My church is entering into a period of transition, and as is wont to happen, all sorts of stuff is getting shaken up in the process. I think of it like a snow globe that’s been overturned. With all the dust that naturally gets kicked up in times of transition, things we let settle to the bottom make their way into the air. Things that might get overlooked as we truck along from week to week. But when the snow globe is shaken, it’s an opportunity to assess where we’re headed as a church, what’s working, and what isn’t working.
This is normal and even healthy. As someone who writes about church cultural norms from the niche of singleness, it’s brought up some questions and stirred up my own internal snow globe. One of those is what is reasonable to expect from our institutional church–from the staff and the church members and myself as one of those members.
The vision and call for the church are compelling. And they are high. In John 17:21, Jesus prays, “that they may all be one, just as you, Father, are in me, and I in you, that they also may be in us, so that the world may believe that you have sent me” (ESV). This isn’t a call to uniformity or assimilation. It’s a oneness that makes room for differences.
If you’ve been a human person for any length of time, you know this is a tall order.
When I think about advocating for singles in the church, and asking for what we need, it can feel like scrabbling for a finite amount of time, resources, and bandwidth. And it can feel weird. I mean, aren’t we supposed to be other’s focused? At the same time, you probably know that if we don’t express our needs and hurts, they can fester and turn to bitterness.
Three things come to mind as I’m noodling on all of this.
1. What would it mean for us as a church community to be a culture known for listening?
I read about this idea in The Listening Life by Adam McHugh. The idea was what the church might look like if we made more room for listening. Listening to each other, to our neighborhood, to God, etc. I think that a huge part of shepherding and care starts with compassionate listening.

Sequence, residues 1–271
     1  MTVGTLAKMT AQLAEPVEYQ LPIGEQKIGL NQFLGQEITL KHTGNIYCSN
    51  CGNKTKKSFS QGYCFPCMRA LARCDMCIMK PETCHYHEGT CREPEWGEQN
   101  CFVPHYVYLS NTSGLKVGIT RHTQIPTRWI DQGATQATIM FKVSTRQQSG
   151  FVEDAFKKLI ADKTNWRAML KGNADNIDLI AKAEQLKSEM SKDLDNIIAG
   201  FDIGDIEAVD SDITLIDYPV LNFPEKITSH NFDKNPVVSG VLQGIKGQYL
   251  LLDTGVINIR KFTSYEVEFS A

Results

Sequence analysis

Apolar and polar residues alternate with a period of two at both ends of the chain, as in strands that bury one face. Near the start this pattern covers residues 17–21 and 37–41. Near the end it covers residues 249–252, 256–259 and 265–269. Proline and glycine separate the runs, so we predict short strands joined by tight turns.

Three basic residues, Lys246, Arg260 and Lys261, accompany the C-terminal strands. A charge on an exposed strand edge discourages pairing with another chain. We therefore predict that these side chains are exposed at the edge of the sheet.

2. “You can’t get milk from a hardware store.” -Louise Penny
Yes, we need to be a culture that holds its members accountable. Yes, we need to humbly ask who the current model is working for (and who it isn’t working for) and what kind of culture it is reinforcing. But I also want to make room for prayerful self-reflection–are there desires underneath my desires that I need to be aware of?
As a high-initiative person, it’s important for me to be aware of what is driving me to act, and where that impulse is coming from. For example, I might be saying yes to a million things because, deep down, I think that being helpful will lead to affirmation and approval without me having to ask for it. This can lead to resentment and frustration. Or, I might be saying yes to a million things because I’m worried I’ll be forgotten if I don’t prove my usefulness. This information can help us set boundaries and get honest about what’s actually going on within and around us. It can help us see what we’re really looking for, and therefore, better know what to ask for.
3. Cultivate a growth mindset.
If God is actively working in our individual and communal lives, we can assume there to be an inherent need for flexibility. If God moves in ways that are mysterious to us, there is a built-in invitation to remain open to continual learning and growth. On all levels. For me, the aggressively Type A achiever, it helps me release my illusion of control and invites me into humility. It takes the pressure off for me to know and plan for everything. And it gives me permission to pursue my calling sustainably. It gives me room to breathe and be curious.
There is a tension I feel myself walking between hoping for what could be while also accepting what is and what has been. Acceptance isn’t the same as minimizing. If anything, it’s more about freeing ourselves from responsibility for a change I don’t have control over. Otherwise, it’s easy to become so addicted to my own outrage, I’m unable to see the signs of hope all around me.
If you’re experiencing a transition, personal, relational, or communal, what kinds of things are getting stirred up? How can we manage our expectations without becoming cynical and bitter? How can we invite God into the process?